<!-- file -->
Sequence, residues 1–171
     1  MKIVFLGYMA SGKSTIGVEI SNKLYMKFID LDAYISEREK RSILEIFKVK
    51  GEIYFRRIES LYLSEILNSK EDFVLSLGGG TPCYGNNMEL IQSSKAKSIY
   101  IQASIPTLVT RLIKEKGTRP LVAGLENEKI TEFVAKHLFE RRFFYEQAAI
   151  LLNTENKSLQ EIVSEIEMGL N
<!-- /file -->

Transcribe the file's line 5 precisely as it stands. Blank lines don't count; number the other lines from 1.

   151  LLNTENKSLQ EIVSEIEMGL N